Architreasure Weekly #7 (The Imaginary Edition)


What could you possibly mean by imaginary, oh writer?! Well, this round-up is of buildings that were supposed to be made but never got built. Some were halted due to financial constraints, others had safety issues, and some just got plain scrapped. This edition of Architreasure isn’t really about treasuring architecture… it’s about looking at designs that didn’t get the opportunity to change the landscape of this earth. Let’s dive in!

1. This towering (and controversial) structure was planned by Irish developer Garrett Kelleher (and envisioned by Spanish architect Santiago Calatrava) to stand on 400N Lake Shore Drive in Chicago. Referred to as the Chicago Spire, the building was halted mid-construction after a $50 million dollar failure, leaving the developer in massive debt. This was back in 2007. What’s happening to it now? Well, there are plans for another skyscraper to take its place. Obviously not the same builder!

2. Formally named The Illinois, this was one of Frank Lloyd Wright’s most bizarre concepts. If you’re wondering why, let me tell you other name the building had acquired for itself. The “Mile High Building”. Designed to stand at approximately 5280 feet, Wright believed the building’s construction was possible, back in 1956. The design included 528 stories, with a gross area of 18.46 million square feet, and needless to say, complications in construction caused the entire idea to be abandoned soon after. Here’s a fun fact… the tallest building in the world, the Burj Khalifa stands at 2714 feet. Just about half of the Illinois’ proposed height.

3. Frank Lloyd Wright was ambitious for sure, but not as much as Buckminster Fuller when he proposed the Manhattan Dome. Exactly what it sounds like, the 2 mile wide dome would cover a portion of Manhattan in thick, solid, shatterproof, one-way glass. Without a doubt, this wasn’t even near possible, but Buckminster Fuller certainly thought so back in the crazy 60s.

4. At fourth place, is the Fourth Grace, a building envisioned for the city of Liverpool. Located beside three historic buildings that were referred to as the Three Graces, architect Will Alsop proposed this design despite heavy criticism from most people for its perceived ugliness. The Fourth Grace was designed for office space, a 107-room hotel and 50,000 sq ft of community facilities, including a bar, restaurant and viewing gallery, and was scrapped as a project altogether, not for its aesthetic, but rather the cost it entailed.

5. This building literally embodied “they see me rolling” with its ever-changing design that involved individually rotating floors that would not only continuously change the silhouette/form of the building, it would allow each floor to have a distinctly different and unique view every time. The Dynamic Tower, designed for Dubai by David Fincher was ultimately scrapped for being highly unfeasible.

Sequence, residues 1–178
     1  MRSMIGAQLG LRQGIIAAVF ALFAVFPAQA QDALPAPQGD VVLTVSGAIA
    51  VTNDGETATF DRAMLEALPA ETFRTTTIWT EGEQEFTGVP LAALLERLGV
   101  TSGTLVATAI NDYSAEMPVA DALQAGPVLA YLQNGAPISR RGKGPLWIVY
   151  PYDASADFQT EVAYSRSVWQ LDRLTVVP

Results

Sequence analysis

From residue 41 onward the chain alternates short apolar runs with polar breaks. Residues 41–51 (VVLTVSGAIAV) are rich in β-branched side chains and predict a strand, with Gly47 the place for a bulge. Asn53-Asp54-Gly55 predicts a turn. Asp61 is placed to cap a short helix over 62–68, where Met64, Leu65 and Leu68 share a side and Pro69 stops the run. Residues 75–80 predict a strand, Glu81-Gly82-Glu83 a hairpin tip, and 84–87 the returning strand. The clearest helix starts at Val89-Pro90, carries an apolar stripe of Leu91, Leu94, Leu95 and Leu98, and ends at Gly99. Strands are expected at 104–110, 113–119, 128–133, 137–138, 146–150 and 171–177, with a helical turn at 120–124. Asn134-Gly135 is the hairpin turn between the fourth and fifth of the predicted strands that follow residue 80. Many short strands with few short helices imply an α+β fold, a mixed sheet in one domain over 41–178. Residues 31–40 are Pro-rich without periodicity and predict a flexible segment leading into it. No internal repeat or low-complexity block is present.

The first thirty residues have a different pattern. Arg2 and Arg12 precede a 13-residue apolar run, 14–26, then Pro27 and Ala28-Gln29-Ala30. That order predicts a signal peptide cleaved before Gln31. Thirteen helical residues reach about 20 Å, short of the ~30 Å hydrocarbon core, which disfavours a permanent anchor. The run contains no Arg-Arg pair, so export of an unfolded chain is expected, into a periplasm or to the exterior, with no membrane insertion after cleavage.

6. The Volkshalle was Hitler’s pet project for his utopia, the country of Germania. Designed to be the town-hall in the center of the capital city, the structure was proposed to be so large that the architect himself advised Hitler against it, saying that the dome would bounce off noise created by the people inside to such an extent that it may result in permanent hearing loss for the public. In a strange twist of fortune, the war came, which meant no Hitler regime, no Germania, and definitely no Volkshalle.

7. The Shimizu Mega-City Pyramid was designed to outshine the pyramids of Giza by being 14 times their size! Designed for the densely populated city of Tokyo, the pyramids would stand at 2000 meters tall and house a million people. Strangely, this building hasn’t been scrapped, but rather shelved until technology can bring about strong, light-weight building materials that may aid it in its construction. If you’re curious however, there’s a replica of this in Minecraft that you can visit!

8. There’s no imaginary building list without tipping a hat to the striking imagination of the Late Zaha Hadid. Known for her grandly impossible architecture, a wide range of her projects are still under construction, given their complexity. However, the Changsha Meishihu International Cultural Centre in Hunan, China hasn’t seen much development (and is still rumored to be stuck in design and proposal stages) since its reveal in 2013.

9. Another one of Hadid’s exemplary works, this one for her home town of Baghdad, is the Central Bank of Iraq. After the original bank building was damaged due to a suicide bombing attack, Hadid was approached for a redesign in 2011. Sadly, given the country’s political instability of late, the project has been shelved.

10. Lastly, we have the Guggenheim Museum for Guadalajara, Mexico. This was geared to be the most expensive of all the Guggenheim museums, with a budget of up to $200 million. Designed by architect Enrique Norten, it should have been completed by 2011 and its 24-storeys would have been constructed with mainly ecological materials. However, with the museum director refusing to cut costs and scale down the project to meet Mexico’s art budgets, the Guggenheim foundation decided to abandon the project and focus on expansion in Europe and the Middle East.